This past weekend my fellow Cellarblogger Erica and I spent a fun wine filled weekend in Charlottesville, VA with about 300 other wine bloggers from all over the US and several international folks at the 4th annual Wine Blogger Conference. This was our first time attending this event, and it was a blast! Because there are so many things that we want to highlight, we're breaking up our posts and will be posting recaps of the various events we attended.
On Friday, the first official day of the conference, we arrived later than we planned due to traffice, but were able to catch the tail end of the Keynote speaker, Jancis Robinson, (voted first-ever Wine Website of the Year in the Louis Roederer International Wine Writers Awards 2010), who writes weekly for The Financial Times, and bi-monthly for a column that is syndicated around the world. She is also editor of The Oxford Companion to Wine and co-author with Hugh Johnson of The World Atlas of Wine.
After the keynote, we went right into the breakout sessions. The 3 choices for the first session were:
1) Aromas of Wine with Winebow Wines
2) Millennials and Wine
3) Online Technologies and Wine
They all sounded great, but I opted for the Aromas of Wine session and was promptly greeted with a tray full of aromas and 6 glasses of wine (3 whites, 3 reds). Since we only had an hour, the pace moved very quickly.
Initial discussion was around the 5 senses: Sight, Hearing, Touch, Smell, and Taste. Our speaker, Sheri Sauter Morano talked about how memory, experience and expectations affect how you taste a wine. She also talked about how our senses change with weather, age, PMS (for the women), etc...and mentioned that humans can only process 4 flavors at any given time. After the discussion was done we moved onto the actual aromas and wine. For each wine we were told to try to identify the grape variety, identify the region the wine was from, and assign at least one Aroma to the wine (to include ones that weren't on the tray if needed). We then talked about what some of the classic descriptors are for Whites and Reds, and I was very surprised not to see Pepper listed as one of the descriptors of Cabernet Francs. Instead, they used Tea Leaves, Lead Pencil, Mint and Cassis. For Viognier (the now official Virginia Varietal), the descriptors listed were Peach, Apricot, Floral, and Mango.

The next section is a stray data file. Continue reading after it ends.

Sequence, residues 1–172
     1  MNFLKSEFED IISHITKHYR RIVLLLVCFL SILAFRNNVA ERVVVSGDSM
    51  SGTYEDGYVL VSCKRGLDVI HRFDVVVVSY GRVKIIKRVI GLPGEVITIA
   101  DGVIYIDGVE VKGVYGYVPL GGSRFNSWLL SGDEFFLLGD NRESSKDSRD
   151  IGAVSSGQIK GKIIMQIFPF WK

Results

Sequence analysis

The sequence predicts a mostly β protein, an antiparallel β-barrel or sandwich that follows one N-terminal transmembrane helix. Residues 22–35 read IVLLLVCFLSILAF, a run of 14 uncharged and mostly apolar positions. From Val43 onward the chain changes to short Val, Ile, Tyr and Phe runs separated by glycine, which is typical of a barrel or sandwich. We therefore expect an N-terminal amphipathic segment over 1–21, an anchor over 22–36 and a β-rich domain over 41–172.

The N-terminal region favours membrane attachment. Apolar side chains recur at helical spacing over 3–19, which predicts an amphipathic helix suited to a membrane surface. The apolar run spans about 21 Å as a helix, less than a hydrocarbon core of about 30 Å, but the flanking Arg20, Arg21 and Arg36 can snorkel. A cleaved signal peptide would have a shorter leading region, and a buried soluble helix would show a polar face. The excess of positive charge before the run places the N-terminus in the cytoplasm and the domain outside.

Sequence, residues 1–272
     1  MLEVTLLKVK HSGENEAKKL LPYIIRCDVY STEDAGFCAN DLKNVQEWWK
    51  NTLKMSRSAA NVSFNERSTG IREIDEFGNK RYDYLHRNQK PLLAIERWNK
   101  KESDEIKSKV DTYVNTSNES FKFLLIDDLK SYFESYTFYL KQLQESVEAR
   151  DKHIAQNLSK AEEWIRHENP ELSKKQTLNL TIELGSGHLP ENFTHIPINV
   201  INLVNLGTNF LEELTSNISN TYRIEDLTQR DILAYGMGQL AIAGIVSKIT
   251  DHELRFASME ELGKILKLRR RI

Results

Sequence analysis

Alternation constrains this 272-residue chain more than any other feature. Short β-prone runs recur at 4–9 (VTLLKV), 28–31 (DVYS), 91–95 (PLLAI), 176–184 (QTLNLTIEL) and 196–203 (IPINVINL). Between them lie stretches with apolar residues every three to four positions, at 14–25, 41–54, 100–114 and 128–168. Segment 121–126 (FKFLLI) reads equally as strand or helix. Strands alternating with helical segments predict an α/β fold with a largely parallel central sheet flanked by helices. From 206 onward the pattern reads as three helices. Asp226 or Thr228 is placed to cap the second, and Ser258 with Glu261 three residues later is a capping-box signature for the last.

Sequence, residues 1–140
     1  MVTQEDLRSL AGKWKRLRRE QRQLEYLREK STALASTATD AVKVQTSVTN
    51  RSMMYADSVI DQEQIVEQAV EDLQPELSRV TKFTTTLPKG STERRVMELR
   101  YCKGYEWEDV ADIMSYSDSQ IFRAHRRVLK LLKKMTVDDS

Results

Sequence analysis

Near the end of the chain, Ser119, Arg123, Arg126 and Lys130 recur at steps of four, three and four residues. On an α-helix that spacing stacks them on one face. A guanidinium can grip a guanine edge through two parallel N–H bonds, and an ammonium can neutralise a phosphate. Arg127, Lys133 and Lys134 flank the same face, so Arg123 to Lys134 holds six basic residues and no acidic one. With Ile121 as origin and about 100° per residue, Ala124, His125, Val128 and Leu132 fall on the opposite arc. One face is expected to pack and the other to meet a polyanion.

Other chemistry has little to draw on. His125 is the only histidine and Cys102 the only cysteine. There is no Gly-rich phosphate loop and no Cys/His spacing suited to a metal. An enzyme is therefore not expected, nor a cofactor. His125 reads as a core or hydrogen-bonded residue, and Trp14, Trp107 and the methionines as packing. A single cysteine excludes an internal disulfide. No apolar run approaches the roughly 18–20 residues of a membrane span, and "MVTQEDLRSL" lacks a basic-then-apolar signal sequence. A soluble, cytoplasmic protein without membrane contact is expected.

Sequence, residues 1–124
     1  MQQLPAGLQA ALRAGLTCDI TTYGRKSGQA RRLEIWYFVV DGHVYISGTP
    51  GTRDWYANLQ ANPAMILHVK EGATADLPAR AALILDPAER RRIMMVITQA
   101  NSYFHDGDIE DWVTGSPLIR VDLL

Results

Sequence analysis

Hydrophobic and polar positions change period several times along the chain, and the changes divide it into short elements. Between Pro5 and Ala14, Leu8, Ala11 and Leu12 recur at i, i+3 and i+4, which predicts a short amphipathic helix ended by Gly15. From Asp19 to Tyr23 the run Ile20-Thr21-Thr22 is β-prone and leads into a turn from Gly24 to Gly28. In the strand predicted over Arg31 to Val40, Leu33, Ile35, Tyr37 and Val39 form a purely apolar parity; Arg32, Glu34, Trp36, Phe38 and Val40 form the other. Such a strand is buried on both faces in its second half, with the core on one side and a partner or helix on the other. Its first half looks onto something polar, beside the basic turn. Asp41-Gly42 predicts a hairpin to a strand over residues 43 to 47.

After we had some time to taste, smell, and guess....we went over each wine to see how our answers compared. I hate to say, but if this was an actual test, I would have failed! I only guessed one varietal correct, but on the aromas, I got almost all of them the same as Sheris! The wines we tasted were:
1) 2010 Tiefenbrunner Pino Grigiot from Italy that had Lemon and Grapefruit aromas
2) 2010 Lois Gruner Veltliner from Austria that had lemon, fruit and pepper aromas
3) 2010 Clean Slate Reisling from Germany that had Peach, Lime, Apricot aromas
4) 2007 Bodgas Protos Crianza (Tempranillo) Ribera Del Duero from Spain that had Cherries, Dill, Vanilla, Earth aromas to it
5) 2008 Bodega Catena Zapata Malbec from Argentina that had Violet, Vanilla, Chocolate, Black Raspberry aromas
6) 2008 Cousino-Macul Antiguas Cabernet Sauvignon Reserve from Chile that had Black Currants, Vanilla, Cherries and a hint of Mint aromas
All in all, it was a really fun session, although I wished we had more time to sniff, swirl and sip!
The next session we went to was the Drinking Local session (because I really though the Legalities of Wine session might just be a bit too dry for me). This was a panel discussion about the virtues and challenges of drinking local. We had (from Left to Right in the pic below):
Lenn Thompson, founder of New York Cork Report
Dave McIntyre, wine writer for the Washington Post and founding member of DrinkLocalWine.com; and
Rémy Charest, blogger at The Wine Case in Canada.
The panel was moderated by Frank Morgan, a VA wine blogger at Drink What You Like. It was interesting to hear the perspective of bloggers from other areas. Some of the discussions centered around the issues of drinking local vs. eating local and the seeming disconnect between the two. There was also discussion about how to celebrate and spread the word about your own local region, and the difference between getting local beers vs. local wines into restaurants. All in all a fun discussion!
Next up....our HOT trip to Monticello....Live Wine Blogging/Speed Tasting....Mystery Bus Tours....and the How- many-wine-glasses-can-you-get-on-a-table wine dinner!